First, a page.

Pregnancy Toxemia in Ferrets
Toxemia is a life-threatening condition to both the mother and kits caused by a negative energy balance in late pregnancy. It usually develops in the last week of gestation and occurs during periods of inadvertent food deprivation or unusual loss of appetite (anorexia) or with large litter size. Moreover, toxemia typically occurs in first pregnancies.
Symptoms and Types
Other than a loss of appetite (anorexia), the pregnant mother may suddenly become lethargic or depressed.
Inadequate caloric intake during late gestation results may cause toxemia. This may due to a poor diet, inadequate access to food, diet changes, or anorexia. In fact, even short periods (as little as 24 hours) of anorexia or food deprivation may cause pregnancy toxemia. Excessive calorie demands caused by a large litter size (greater than 10 fetuses) is another common cause of this condition.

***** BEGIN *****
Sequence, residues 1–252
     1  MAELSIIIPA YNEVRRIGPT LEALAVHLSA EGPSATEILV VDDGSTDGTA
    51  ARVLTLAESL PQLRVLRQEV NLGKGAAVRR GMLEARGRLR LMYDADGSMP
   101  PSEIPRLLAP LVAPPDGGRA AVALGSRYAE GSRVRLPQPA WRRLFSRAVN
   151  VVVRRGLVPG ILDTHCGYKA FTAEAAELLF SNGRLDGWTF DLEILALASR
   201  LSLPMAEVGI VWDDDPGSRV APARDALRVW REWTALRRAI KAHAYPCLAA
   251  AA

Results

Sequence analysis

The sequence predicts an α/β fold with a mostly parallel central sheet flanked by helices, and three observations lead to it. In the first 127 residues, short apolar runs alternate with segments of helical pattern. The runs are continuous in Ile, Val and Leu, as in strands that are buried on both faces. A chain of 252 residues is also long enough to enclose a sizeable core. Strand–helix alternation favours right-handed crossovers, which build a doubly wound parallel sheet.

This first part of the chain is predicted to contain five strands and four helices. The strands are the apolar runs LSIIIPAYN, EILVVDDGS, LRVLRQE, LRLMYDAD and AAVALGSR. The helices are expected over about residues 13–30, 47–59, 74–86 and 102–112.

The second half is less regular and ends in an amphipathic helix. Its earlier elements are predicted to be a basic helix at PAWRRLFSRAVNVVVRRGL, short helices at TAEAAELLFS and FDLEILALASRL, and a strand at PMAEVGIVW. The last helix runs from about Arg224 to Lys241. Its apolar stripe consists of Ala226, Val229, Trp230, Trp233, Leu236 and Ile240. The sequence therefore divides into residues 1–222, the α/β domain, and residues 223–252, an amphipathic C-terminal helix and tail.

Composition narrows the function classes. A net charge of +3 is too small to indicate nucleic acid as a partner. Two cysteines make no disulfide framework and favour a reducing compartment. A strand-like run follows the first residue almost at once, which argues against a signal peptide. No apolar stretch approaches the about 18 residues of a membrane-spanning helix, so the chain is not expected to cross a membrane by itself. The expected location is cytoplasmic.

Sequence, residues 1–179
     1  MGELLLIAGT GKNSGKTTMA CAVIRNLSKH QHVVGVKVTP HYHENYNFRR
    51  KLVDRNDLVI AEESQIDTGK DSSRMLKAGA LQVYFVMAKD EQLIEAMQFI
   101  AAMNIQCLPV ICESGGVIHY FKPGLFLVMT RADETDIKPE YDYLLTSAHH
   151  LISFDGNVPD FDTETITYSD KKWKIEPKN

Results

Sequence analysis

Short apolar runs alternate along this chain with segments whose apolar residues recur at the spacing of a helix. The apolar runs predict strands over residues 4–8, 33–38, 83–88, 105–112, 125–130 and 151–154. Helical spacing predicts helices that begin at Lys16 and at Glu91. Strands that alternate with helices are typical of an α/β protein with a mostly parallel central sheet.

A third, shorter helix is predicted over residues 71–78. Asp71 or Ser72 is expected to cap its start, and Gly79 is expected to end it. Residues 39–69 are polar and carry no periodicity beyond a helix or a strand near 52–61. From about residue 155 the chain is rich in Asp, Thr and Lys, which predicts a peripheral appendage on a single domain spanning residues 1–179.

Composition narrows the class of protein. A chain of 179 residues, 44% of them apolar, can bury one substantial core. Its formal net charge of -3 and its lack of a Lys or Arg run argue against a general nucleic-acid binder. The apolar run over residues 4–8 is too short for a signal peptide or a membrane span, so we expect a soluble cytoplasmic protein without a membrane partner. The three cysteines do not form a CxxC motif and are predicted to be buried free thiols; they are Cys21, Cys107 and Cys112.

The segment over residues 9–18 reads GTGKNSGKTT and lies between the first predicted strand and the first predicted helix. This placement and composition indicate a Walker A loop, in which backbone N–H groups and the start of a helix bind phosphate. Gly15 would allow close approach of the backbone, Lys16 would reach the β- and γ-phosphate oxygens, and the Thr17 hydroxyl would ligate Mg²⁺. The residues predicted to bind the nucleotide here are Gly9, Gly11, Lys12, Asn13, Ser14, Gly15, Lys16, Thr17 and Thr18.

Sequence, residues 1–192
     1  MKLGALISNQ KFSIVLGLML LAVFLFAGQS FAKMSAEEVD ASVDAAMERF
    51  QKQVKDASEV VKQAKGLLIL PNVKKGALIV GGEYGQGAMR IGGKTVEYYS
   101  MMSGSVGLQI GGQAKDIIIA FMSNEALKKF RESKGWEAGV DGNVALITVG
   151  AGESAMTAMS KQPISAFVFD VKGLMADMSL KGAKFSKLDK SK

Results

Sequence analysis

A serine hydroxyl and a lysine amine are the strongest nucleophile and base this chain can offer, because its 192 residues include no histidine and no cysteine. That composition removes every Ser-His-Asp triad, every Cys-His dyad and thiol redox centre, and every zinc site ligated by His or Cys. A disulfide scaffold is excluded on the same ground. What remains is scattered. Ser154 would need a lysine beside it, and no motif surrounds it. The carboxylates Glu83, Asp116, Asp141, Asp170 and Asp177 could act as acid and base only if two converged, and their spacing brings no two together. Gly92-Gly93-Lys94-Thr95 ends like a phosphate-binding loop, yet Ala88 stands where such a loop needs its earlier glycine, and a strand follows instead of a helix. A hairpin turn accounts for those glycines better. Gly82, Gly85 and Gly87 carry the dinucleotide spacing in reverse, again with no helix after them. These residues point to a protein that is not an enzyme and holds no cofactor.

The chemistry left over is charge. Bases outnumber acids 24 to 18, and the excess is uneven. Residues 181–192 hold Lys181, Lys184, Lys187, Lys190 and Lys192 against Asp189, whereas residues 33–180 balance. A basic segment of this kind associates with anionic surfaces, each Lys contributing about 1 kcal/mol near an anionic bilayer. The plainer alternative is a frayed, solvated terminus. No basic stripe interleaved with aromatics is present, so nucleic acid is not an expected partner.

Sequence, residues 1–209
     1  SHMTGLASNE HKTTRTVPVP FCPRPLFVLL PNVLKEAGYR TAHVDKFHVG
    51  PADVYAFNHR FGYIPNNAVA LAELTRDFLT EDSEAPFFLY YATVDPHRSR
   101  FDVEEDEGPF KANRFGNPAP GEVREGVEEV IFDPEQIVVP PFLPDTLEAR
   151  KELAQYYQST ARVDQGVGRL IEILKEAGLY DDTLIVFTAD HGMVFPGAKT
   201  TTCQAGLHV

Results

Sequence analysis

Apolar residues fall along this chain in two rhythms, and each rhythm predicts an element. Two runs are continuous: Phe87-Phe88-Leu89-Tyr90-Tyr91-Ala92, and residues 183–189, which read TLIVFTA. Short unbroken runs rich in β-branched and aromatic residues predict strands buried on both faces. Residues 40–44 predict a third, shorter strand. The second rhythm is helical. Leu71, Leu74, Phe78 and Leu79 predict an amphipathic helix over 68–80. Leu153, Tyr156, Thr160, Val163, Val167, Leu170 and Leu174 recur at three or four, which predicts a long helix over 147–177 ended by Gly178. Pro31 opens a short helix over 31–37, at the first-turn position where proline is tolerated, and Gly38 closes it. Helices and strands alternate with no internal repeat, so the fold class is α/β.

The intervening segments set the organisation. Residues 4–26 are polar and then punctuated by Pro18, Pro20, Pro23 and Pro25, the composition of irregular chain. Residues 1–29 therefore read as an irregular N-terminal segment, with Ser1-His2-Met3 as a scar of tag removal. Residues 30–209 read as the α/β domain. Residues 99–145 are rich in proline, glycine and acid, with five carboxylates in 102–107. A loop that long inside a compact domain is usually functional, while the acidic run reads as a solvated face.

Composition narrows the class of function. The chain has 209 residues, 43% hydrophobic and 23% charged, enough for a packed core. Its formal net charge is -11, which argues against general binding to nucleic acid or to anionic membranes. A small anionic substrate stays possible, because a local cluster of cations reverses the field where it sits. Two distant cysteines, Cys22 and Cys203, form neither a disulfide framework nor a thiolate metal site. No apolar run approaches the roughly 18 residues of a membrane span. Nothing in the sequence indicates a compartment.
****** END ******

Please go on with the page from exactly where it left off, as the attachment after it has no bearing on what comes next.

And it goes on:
Your veterinarian will need to determine the exact cause of this condition in your pregnant ferret. To do so, he or she will order blood tests and a urinalysis. An ultrasound, meanwhile, may be recommended to determine the size of the litter.
An in-depth examination of the properties of urine; used to determine the presence or absence of illness
A condition of the blood in which the blood is poisoned due to the absorption of poisons
The prediction of a disease’s outcome in advance
The period that an animal is pregnant in which the fetus develops from conception to birth